Defining Childhood Stress
Traumatic events can lead to child traumatic stress.
Children who have witnessed traumatic events – such as domestic violence, shootings or even fighting – can develop traumatic stress that in time can impact their physical and emotional health.
Child traumatic stress is defined by The National Child Traumatic Stress Network (NCTSN) as stress that “occurs when a child experiences an intense event that threatens or causes harm to his or her emotional and physical wellbeing”.
Adverse childhood experiences, or ACEs, are types of events or experiences that can cause traumatic stress. They may be direct, where a child is a victim, or indirect, where a child is a witness. Types of ACEs may include physical, sexual, or emotional abuse, exposure to domestic violence, mental illness, parental separation or divorce, or an incarceration of a household member.
Children who suffer from child traumatic stress as a result of exposure to one or more forms of violence, including ACEs, other trauma, and post-traumatic stress, may develop unhealthy responses that continue to affect their daily lives long after the traumatic events have ended.
Continued activation of a child's stress response can lead to toxic stress.
Continued direct or indirect exposure to traumatic stress and Adverse Childhood Experiences (ACES) activates a child’s “fight or flight” stress response system, causing a release of chemicals and stress hormones such as adrenaline and cortisol, and an increase in heart rate and blood pressure.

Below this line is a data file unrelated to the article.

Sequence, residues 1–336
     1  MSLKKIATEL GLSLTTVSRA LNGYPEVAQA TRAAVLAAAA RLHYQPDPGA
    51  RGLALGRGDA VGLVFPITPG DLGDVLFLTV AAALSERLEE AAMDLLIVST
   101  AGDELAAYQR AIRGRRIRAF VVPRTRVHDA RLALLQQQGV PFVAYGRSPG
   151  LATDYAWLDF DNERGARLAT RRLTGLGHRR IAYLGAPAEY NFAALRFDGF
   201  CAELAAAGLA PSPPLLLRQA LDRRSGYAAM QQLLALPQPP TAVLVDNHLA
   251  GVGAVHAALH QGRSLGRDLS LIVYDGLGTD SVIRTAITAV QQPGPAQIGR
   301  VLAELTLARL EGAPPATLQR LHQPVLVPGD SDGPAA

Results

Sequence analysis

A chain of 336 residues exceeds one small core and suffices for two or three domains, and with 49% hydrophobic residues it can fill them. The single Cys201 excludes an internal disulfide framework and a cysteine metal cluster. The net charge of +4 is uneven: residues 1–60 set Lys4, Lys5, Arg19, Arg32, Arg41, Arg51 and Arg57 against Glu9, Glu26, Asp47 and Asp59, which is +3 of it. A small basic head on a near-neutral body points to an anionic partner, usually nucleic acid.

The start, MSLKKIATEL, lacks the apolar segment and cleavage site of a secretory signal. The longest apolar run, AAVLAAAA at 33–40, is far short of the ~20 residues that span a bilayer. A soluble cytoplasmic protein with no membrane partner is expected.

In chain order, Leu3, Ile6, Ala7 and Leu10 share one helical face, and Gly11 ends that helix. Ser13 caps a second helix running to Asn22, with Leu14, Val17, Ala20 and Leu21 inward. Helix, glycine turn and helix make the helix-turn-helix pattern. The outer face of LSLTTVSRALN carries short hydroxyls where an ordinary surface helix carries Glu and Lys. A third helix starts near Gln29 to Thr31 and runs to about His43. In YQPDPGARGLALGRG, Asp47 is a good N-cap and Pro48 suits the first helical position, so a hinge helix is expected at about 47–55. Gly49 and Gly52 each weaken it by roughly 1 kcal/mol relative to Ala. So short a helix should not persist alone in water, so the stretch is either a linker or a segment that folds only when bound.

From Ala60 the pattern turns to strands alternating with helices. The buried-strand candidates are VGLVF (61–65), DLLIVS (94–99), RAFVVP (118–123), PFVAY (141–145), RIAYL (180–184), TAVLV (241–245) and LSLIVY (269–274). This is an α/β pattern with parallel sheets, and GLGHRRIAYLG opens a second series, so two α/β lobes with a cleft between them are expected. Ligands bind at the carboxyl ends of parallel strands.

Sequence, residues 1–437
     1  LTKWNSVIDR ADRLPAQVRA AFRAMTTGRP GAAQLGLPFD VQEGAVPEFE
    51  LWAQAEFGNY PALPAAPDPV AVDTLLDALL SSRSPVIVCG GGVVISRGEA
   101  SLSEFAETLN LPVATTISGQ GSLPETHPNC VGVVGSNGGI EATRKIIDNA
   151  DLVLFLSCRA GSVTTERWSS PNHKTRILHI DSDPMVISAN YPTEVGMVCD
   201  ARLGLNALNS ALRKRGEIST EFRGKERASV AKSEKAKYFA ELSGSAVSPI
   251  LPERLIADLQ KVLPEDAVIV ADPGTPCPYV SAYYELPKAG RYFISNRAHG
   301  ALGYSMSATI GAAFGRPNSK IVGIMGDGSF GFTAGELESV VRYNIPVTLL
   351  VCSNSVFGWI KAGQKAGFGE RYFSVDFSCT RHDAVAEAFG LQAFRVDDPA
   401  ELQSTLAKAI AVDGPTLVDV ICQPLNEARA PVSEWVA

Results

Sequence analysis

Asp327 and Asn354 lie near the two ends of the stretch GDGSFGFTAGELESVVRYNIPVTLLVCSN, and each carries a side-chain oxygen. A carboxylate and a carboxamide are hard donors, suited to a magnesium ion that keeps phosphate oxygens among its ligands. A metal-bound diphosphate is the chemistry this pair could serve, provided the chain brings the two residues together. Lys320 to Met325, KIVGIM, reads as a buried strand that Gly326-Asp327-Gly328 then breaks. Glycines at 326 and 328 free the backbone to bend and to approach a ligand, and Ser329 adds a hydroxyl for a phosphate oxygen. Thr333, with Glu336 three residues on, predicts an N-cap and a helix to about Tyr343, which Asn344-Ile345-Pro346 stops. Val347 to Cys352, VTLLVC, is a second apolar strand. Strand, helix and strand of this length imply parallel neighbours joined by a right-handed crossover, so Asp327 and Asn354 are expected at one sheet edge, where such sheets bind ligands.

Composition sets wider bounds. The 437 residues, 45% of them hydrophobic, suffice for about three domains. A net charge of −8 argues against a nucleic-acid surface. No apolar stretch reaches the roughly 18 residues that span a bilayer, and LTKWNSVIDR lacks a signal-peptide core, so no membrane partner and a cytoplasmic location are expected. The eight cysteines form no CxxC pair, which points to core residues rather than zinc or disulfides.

If the stress is relieved, as when a child receives comfort and support from an adult, the stress response system can return to normal. However, prolonged activation of a child’s stress response system from exposure to traumatic stress can cause damage that can lead to toxic stress. 
The more children are exposed to traumatic stress, the more neural connections are created in regions of the brain involving fear, anxiety, and impulsiveness, and under-produced in regions involving reasoning, planning, and behavior control. Ongoing exposure can also lead to a chronic “wear and tear” effect on multiple organ systems that lead to long-term behavioral and physiological disorders such as depression, drug abuse, cardiovascular disease, diabetes, or stroke .
A child's brain is malleable and supportive adults can help to prevent or reverse damage.
Evidence of how exposure to traumatic and toxic stress and violence can negatively impact a child’s life is overwhelming.
Fostering stable, supportive relationships can have life-long benefits for a child’s learning, behavior, and overall health. Science and research have repeatedly shown that a consistently caring adult in the life of a child is one of the most important protective factors towards helping the child heal and build resilience.
The Power of a
Caring & Consistent Adult
As a teacher, a coach, a counselor, or a healthcare provider, you’ve dedicated your life to making a difference. Whether you’re involved with children daily or once in a while, you intuitively understand the important role you play in their safety, health, and well-being.